Mr. and Mrs. Isaac D. Fletcher Collection, Bequest of Isaac D. Fletcher, 1917 (17.120.211)
The Metropolitan Museum of Art, New York, New York
I am constantly searching for images (artworks, photographs, etc.) of knitting for research purposes as well as pleasure. This is one of my favourites especially as it is an 18th century image and the knitting is visible. I like the clothing and the slightly impatient expression of the woman as if she has been interrupted while knitting, perhaps in the midst of counting! She appears to be making a stocking but I can only see three needles. I have never seen this painting in person and can only find a black and white image. The missing needle(s) may be on the table to the woman's left but the shadows make it difficult to distinguish what is on the foreground of the table.
I have also seen Internet links citing this painting as attributed to Jean-Baptiste-Siméon Chardin (1699 – 1779)
Monday, 3 March 2008
Desolation Island, Chapter Nine
So says Louisa Wogan to Stephen Maturin towards the end of this book. She has already knit him a comforter, knits him another and seems well stocked in wool; indeed, baby Leopardina, born at sea, who goes into her care, sleeps snugly in a box of wool. She keeps her fellow female prisoners busy with their hands, telling Dr. Maturin that they "...have been a gaggle of women all together, knitting without a moment's pause and trying to keep warm." I will not describe too many of the circumstances of this book in case of spoilers but I have given thought to Louisa Wogan and her knitting. She knew she was going to make a very long voyage to a place where she would not have the same access to goods and clothes as she did in England and America. Did she bring a supply of wool to knit things she would need or just to pass the time and keep her sanity? Her convict situation would limit social exchange so she knew she would be much alone. She knits for different people in an age without printed patterns so she is obviously somewhat accomplished in this art. Is she knitting with the typical needles of this era, namely fairly thin, metal, very sharp double pointed ones? She must have, like any conscientious knitter, stocked up on needles before leaving on her voyage or already had them in her possession as she seems to have supplied the other three (correct me if I am wrong) surviving women. These needles, however, like my reproductions, are veritable weapons in the wrong hands, especially this collection of dangerous female hands.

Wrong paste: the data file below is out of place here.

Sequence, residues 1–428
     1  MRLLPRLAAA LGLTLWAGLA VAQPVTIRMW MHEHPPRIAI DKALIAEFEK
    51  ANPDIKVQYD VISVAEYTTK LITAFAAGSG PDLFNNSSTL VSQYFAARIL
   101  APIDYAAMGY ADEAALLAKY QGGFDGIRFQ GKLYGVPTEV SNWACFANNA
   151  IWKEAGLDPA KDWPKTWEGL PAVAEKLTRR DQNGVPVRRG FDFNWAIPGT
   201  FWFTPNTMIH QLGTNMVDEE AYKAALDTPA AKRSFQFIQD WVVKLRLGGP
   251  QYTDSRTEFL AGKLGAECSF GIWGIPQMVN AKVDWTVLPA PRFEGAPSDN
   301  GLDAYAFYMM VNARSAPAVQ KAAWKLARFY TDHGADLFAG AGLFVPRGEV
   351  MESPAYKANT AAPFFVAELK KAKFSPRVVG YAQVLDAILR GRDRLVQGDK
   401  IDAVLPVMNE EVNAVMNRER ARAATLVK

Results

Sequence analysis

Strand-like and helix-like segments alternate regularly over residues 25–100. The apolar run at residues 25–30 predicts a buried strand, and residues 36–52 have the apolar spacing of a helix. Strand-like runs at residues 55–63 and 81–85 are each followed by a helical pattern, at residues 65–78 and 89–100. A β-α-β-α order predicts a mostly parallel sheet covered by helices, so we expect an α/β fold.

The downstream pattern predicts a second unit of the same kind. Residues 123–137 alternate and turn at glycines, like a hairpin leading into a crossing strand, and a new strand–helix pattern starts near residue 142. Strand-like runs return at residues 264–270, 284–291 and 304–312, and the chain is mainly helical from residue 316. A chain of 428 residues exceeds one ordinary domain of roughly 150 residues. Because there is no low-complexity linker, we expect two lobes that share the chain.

There are other knitters in the POB canon and I will, no doubt, be discussing them in the future along with their sisters and brothers in literature but for now I must credit Louisa Wogan, in spite of all of her other faults, for being one of the fold. Like those of us who will not lose a moment to knit whenever we can, she knits through storms and crises, and is generous with her output. The last time Stephen Maturin visits her before her escape, he notices "how the whole place was curiosly trim, almost bare." Even the table on which she had kept "Stephen's stockings to be darned" was swept clear. Stephen, of course, knows that she is about to make an attempt at flight but what I would like to know is did she take her knitting needles and wool with her to the American ship? In spite of being free, I would like to imagine her still knitting on her way home, this time, perhaps, for the crew of the whaler who would be grateful for any replenishment of woolen wear.
The wool in my Desolation Mittens is a hand spun that was given to me and I do not know its origns. Louisa Wogan had red and blue wool, and she might also have had an undyed thick and gloriously warm yarn like this one. The mittens are knit on 3.50mm double pointed bamboo needles with a gauge/tension of 5 stitches/inch. The cuffs are reminiscent of the 18th century style of garter stitch edges found on stocking tops and early knitted waistcoats/undershirts, and I have made them extra long and narrow for added warmth. They are a variation upon rather than a reproduction of ones of that era as I cannot document the style.
The muffatees, or wrist warmers, in the upper right are the Corkscrew Pattern Muffatees from Exercises in Knitting (1856) by Cornelia Mee (http://www.gutenberg.org/ebooks/21032). They were knit on 3.75 bamboo double pointed needles in Pomegranate Nature Spun Worsted wool.
The 18th century gauntlet gloves are adapted from various patterns and information on discussion sites on the web, and fitted to my own hands. They have a garter stitch edge (no ribbing) and are knit in undyed hand spun wool from local historic breed of Dorset-Wiltshire sheep on 3.25mm double pointed needles with a gauge/tension of 7 1/2 stitches/inch.